Mysterious features on Mars that change with the seasons are almost certainly created by flowing liquid water, scientists at Nasa believe.
Latest satellite images have identified narrow streaks, typically less than five metres (16.4 ft) wide, that appear on slopes during warm seasons, lengthen, and then fade when conditions become cooler.
Experts have speculated that water might be involved in the formation of the gully-like features, known as recurring slope lineae, but only now has evidence supporting the theory come to light.
Liquid water could suggest that the surface of Mars is able to support life.
Nasa wrote: "Water is essential to life as we know it. The presence of liquid water on Mars today has astrobiological, geologic and hydrologic implications and may affect future human exploration."
As Nasa prepares to reveal the Mars mystery, ITV News looks back at the previous missions to Mars and what they revealed.Read the full story ›
Nasa is due to reveal details of a "major science finding" resulting from the space agency's ongoing exploration of Mars.Read the full story ›
A 'fresh' crater on the surface of Mars has been snapped by Nasa's HiRise camera onboard the Mars Reconnaissance Orbiter.
Nasa said the closeup image of the impact crater was photographed on March 30th and shows it is located in the Sirenum Fossae region of Mars.
The crater, which Nasa said is new in geological terms, is believed to be fresh because "it has a sharp rim and well-preserved ejecta" - or debris field surrounding it.
An ancient ocean on the surface of Mars held more liquid water than the Earth's Arctic Ocean, scientists believe.Read the full story ›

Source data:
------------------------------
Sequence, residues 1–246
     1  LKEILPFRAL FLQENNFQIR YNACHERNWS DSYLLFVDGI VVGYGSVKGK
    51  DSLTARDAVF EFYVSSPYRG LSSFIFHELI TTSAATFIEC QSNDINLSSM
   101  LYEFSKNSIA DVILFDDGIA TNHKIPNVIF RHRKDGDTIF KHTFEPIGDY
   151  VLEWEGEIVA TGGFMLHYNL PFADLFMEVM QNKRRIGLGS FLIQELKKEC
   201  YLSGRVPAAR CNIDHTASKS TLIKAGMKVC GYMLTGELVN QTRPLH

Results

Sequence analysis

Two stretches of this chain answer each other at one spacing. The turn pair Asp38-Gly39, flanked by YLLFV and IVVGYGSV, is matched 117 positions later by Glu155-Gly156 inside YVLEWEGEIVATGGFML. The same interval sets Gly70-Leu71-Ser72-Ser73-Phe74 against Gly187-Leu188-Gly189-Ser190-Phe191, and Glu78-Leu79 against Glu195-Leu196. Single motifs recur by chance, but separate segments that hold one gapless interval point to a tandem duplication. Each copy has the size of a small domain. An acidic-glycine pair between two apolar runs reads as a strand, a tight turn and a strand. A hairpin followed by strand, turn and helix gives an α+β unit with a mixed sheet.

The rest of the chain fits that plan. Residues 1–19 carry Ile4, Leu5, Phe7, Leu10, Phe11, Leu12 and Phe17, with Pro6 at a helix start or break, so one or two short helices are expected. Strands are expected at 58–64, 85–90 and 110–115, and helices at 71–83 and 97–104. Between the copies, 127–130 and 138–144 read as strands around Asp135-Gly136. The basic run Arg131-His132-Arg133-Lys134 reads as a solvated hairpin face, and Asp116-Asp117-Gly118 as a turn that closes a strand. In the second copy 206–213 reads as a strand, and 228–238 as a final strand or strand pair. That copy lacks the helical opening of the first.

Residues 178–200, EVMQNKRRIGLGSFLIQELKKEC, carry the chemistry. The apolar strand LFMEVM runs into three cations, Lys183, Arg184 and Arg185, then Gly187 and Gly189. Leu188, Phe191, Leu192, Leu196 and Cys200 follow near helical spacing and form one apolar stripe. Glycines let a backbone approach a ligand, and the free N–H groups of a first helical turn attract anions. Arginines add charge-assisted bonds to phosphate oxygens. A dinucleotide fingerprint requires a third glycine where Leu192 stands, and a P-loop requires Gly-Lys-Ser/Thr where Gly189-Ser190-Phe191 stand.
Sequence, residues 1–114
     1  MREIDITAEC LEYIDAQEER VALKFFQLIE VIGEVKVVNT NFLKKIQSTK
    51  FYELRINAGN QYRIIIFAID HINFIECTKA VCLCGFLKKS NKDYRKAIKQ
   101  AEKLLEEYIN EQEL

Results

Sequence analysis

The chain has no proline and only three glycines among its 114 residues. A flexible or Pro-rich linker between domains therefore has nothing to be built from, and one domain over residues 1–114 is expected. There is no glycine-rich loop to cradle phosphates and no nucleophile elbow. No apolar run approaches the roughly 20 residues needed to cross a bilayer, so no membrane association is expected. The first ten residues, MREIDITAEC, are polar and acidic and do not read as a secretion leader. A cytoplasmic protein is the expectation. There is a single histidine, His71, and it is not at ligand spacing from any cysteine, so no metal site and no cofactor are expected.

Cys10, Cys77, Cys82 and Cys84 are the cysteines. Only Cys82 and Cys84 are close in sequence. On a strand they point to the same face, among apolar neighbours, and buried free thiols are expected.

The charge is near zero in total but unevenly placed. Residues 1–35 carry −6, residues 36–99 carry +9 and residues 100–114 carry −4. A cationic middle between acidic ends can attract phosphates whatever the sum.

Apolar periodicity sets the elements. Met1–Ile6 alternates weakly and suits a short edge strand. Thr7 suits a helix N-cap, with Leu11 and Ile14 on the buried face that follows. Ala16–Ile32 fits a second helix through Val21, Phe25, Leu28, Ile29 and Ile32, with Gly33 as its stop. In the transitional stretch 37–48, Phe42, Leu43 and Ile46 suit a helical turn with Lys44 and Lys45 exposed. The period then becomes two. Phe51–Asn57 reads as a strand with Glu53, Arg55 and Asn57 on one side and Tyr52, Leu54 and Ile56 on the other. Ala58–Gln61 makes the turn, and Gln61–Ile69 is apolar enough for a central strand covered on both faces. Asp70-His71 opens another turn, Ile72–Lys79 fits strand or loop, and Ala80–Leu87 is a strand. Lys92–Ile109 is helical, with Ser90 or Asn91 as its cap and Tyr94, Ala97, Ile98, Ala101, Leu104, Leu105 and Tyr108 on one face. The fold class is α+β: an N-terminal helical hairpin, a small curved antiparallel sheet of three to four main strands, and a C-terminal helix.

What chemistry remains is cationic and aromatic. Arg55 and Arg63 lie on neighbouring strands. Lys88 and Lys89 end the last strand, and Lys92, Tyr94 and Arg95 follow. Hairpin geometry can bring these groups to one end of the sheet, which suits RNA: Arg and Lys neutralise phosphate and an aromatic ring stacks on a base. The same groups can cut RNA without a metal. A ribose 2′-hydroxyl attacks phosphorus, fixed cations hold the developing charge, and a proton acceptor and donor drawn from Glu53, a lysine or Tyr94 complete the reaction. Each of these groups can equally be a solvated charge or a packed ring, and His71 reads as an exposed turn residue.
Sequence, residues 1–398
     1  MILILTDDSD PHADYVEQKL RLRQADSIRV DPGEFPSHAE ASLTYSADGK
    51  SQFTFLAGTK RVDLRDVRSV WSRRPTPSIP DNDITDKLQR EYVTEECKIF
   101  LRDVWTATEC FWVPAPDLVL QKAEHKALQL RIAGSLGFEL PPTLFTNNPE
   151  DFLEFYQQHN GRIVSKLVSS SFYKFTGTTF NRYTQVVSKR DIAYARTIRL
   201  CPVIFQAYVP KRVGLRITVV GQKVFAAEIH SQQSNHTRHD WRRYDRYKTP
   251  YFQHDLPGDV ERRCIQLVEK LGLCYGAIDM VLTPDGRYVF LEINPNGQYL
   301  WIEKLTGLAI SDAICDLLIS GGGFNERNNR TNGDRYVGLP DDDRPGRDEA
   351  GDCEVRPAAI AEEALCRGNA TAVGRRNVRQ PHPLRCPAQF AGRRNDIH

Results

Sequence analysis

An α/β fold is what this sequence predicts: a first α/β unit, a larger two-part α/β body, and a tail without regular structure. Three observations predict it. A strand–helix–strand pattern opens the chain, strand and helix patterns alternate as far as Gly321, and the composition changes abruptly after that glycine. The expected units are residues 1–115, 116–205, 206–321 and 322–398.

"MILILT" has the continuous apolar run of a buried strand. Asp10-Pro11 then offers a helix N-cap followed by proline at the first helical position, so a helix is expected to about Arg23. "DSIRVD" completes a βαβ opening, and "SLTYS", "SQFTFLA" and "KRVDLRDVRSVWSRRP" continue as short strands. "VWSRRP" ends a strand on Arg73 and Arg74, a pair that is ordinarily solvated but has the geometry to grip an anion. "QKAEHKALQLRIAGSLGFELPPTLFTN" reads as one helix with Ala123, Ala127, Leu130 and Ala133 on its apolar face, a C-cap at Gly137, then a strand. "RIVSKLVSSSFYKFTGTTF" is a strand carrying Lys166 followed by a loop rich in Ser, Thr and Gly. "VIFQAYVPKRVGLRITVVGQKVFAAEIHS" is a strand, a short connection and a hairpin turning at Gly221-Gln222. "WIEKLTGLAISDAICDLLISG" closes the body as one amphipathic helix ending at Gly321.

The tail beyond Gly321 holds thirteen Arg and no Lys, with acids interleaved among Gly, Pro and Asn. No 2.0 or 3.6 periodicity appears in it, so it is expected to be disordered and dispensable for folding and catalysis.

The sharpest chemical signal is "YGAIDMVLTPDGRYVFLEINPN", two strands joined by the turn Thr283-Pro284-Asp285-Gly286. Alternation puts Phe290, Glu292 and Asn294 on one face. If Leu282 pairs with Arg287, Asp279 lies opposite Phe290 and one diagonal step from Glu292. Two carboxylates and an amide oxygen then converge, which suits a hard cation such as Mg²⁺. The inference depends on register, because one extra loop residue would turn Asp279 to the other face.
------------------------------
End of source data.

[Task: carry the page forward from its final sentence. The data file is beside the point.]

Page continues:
A British woman who has been shortlisted to travel to Mars has described the feeling as "like queuing up for a rollercoaster".
Clare Weedon is one of five Brits down to the final 100 people who could be chosen for the one-way trip.
The 27-year-old told ITV News: "It's like queuing up for a rollercoaster - you're terrified but you're so excited."
The doomed Beagle 2 Mars probe may have been spotted near its intended landing site on the Red Planet, according to reports.
The UK Space Agency announced that it would provide an "update" on the ill-fated craft, which vanished while attempting a Christmas Day landing on the planet in 2003, in a briefing on Friday but is refusing to discuss in advance what will be revealed.
But according to the Times, a senior space scientist who has had sight of the images of Nasa's Mars Reconnaissance Orbiter said they showed an object "about the right shape and in about the right place" to be the lost lander.
The paper's source added: "It tells us how close it got to the right landing spot and that it was in one piece."
A spacecraft that could one day take astronauts to Mars will undergo an historic unmanned test flight today.Read the full story ›
Charles Bolden believes the exploration of Mars could be crucial - and tells ITV News he thinks it likely a Brit will reach the Red Planet.Read the full story ›